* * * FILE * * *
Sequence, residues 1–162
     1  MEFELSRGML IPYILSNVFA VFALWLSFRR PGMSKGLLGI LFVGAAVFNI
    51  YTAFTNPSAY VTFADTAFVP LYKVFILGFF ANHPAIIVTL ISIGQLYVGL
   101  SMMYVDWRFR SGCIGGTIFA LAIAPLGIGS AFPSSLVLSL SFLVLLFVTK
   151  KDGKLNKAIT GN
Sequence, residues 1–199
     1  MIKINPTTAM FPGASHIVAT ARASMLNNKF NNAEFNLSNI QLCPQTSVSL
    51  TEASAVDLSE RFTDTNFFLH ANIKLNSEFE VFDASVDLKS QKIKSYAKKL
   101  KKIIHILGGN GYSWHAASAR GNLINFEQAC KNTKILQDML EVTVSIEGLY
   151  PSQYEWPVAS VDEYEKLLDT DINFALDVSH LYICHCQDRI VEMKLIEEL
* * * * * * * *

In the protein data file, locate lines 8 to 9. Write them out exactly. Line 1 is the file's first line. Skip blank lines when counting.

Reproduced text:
    51  TEASAVDLSE RFTDTNFFLH ANIKLNSEFE VFDASVDLKS QKIKSYAKKL
   101  KKIIHILGGN GYSWHAASAR GNLINFEQAC KNTKILQDML EVTVSIEGLY